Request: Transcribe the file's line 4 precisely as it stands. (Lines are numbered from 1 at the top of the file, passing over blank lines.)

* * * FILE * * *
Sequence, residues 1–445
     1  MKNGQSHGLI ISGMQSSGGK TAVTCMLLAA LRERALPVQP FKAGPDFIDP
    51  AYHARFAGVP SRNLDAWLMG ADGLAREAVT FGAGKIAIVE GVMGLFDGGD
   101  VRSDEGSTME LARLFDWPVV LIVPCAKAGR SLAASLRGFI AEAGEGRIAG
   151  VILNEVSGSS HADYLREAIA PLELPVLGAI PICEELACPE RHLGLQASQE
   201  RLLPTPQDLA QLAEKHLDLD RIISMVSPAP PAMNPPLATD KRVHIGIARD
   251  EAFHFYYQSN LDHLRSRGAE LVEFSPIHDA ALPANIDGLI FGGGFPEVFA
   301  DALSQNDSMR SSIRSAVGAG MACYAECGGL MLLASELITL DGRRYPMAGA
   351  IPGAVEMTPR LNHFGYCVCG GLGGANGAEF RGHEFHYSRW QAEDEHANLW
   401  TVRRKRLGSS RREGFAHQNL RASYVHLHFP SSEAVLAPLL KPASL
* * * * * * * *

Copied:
   101  VRSDEGSTME LARLFDWPVV LIVPCAKAGR SLAASLRGFI AEAGEGRIAG